A Minnesota woman is reportedly unhappy with her doctor after she was allegedly charged extra for asking too many questions.
Susan Krantz of Minnatonka, Minn. visited her doctor recently for an annual physical, and when looking at her itemized bill, noticed an unusual charge of $50.06, CBS Minnesota reports.
"Even as a registered nurse, I can't figure out what this is," she told CBS Minnesota.
When she followed up with the Park Nicollet Health Services, she was unhappy with the company's response.
"You can be charged an extra office visit if you ask too many questions," she said. "I said I don't understand that, because isn't that what this visit is for?"
Park Nicollet told CBS Minnesota that medical services need to be coded for insurance purposes, so if the doctor feels his or her work goes beyond the original nature of a visit -- such as a check-up -- it gets coded. Krantz reportedly had raised concerns about hip pain at her physical.
The company also told the station the total amount billed to the insurance provider is the same as if it were one appointment, it's just "broken out separately on the invoice."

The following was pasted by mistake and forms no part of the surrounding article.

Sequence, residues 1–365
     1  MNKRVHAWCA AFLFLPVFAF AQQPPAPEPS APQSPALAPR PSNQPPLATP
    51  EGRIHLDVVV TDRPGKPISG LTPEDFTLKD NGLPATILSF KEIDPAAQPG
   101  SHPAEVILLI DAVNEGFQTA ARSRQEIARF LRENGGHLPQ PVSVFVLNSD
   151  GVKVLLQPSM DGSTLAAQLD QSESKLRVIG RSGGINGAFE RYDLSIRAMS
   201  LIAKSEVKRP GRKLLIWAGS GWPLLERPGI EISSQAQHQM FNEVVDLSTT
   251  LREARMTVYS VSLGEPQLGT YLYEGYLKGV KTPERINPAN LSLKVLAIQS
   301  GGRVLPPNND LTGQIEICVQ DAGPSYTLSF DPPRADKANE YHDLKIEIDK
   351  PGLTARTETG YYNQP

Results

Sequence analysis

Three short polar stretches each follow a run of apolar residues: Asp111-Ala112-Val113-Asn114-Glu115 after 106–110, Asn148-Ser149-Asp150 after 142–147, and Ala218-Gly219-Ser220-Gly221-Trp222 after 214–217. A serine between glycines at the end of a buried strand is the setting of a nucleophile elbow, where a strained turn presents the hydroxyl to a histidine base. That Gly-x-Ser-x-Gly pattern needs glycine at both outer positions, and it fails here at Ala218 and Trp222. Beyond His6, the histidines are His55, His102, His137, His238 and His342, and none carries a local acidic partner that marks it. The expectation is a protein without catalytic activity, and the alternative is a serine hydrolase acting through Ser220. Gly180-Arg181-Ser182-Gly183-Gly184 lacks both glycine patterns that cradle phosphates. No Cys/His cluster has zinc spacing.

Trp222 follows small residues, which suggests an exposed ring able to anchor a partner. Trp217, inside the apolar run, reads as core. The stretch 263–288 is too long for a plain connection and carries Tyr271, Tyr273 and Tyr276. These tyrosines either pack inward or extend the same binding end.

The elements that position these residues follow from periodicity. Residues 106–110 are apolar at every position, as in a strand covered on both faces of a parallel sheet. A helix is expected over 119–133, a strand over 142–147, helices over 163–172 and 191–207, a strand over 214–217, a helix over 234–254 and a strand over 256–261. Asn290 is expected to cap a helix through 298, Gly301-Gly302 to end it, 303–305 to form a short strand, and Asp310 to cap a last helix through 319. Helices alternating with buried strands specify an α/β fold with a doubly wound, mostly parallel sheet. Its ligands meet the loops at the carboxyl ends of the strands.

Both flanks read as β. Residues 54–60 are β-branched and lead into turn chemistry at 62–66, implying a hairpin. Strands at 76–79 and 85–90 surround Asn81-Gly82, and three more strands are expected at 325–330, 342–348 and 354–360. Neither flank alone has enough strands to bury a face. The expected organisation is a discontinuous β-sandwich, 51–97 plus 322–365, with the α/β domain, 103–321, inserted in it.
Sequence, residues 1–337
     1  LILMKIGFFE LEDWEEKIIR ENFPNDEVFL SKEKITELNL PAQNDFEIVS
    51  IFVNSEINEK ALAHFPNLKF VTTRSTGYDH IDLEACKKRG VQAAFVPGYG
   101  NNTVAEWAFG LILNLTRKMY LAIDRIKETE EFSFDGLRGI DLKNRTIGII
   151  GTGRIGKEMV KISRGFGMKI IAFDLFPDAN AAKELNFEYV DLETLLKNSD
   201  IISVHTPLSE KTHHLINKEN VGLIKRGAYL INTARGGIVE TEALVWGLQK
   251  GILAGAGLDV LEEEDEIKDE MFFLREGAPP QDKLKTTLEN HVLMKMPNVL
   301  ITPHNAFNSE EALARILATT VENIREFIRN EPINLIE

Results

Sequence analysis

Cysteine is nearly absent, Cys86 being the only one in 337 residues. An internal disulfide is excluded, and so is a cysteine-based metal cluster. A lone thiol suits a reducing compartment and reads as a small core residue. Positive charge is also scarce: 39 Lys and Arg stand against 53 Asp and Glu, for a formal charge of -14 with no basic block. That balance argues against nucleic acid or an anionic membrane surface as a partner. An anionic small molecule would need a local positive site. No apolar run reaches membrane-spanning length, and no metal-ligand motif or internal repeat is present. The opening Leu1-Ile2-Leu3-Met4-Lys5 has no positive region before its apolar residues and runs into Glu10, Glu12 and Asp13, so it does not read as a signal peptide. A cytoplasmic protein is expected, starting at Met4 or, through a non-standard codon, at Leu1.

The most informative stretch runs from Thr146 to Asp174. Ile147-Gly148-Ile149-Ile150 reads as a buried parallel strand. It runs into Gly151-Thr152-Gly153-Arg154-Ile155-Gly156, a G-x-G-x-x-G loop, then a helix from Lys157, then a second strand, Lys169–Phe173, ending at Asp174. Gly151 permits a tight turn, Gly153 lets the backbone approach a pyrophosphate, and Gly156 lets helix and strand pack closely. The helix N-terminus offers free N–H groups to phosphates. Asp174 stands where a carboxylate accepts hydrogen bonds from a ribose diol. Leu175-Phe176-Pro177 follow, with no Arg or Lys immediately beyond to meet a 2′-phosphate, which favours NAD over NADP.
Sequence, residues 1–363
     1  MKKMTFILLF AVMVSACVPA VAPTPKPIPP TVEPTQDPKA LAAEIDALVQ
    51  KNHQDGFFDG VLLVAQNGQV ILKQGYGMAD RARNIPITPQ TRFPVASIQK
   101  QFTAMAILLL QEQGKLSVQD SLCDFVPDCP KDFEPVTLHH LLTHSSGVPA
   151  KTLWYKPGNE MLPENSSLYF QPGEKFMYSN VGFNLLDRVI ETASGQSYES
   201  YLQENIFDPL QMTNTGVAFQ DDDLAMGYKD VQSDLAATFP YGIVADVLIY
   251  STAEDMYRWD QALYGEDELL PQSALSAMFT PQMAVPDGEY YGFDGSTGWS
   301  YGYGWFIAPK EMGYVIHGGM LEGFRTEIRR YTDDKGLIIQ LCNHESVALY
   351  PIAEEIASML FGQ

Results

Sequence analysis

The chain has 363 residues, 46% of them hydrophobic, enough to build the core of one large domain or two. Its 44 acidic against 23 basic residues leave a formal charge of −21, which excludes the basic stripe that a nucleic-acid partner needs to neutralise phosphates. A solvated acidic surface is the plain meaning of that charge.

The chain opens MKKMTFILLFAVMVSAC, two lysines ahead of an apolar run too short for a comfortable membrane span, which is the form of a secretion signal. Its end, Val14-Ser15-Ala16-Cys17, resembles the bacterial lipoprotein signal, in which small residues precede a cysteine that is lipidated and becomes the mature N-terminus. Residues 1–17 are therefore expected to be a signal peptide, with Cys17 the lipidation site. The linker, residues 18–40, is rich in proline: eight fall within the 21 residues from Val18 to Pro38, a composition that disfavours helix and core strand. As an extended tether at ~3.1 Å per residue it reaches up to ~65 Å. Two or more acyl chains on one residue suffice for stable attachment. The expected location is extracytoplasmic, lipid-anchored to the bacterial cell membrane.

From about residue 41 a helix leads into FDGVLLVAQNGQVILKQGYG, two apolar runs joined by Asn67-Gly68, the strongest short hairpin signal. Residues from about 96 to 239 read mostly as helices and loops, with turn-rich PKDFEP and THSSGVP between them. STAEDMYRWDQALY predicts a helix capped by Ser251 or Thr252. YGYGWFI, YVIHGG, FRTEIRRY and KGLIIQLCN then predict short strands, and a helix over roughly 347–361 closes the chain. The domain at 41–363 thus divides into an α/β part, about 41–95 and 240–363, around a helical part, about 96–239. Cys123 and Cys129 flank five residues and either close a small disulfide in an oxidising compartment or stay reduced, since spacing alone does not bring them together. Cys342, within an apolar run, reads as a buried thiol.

However Krantz wants to spread the word to let others know to check their receipts for hidden charges.
Should patients be wary of asking their doctors too many questions out of fears of extra charges?
"I think this woman did exactly what she should have done," Angela Mattie, chair of the department of healthcare management and organizational leadership at Quinnipiac University, tells CBSNews.com.
Mattie says people need to be "active consumers" in their health care, actively involved in their medications, medical histories, and discussions with doctors on what procedures they get.
She notes primary care doctors especially are pressed for time on visits, so if a patient comes in for a routine visit and raises concerns about something else with related issues, it may take time away from their primary care duties, and they code it as such. Mattie adds however this likely wouldn't impact the co-payment a patient pays for the visit.
"Of course the patient should be warned beforehand that they're going to get this charge," notes CBS News medical correspondent Dr. Jon LaPook.
LaPook says these coding charges occur because of what he calls "perverse incentives."
"In this country, doctors are paid for doing stuff to patients instead of providing health," he said.
For example, as an internist and a gastroenterologist, LaPook can talk about medical history and spend time with a patient to figure out what's going on, but in theory, he'd get paid more for performing a procedure. He notes some institutions, including Cleveland Clinic, have doctors that work on salary so they aren't paid through this incentivized coding system.
"That may not be the only solution but we have to figure out a way where doctors are now encouraged for providing health for the patient rather than just doing stuff and ordering procedures."
He also encourages calling an office manager to inquire about fees.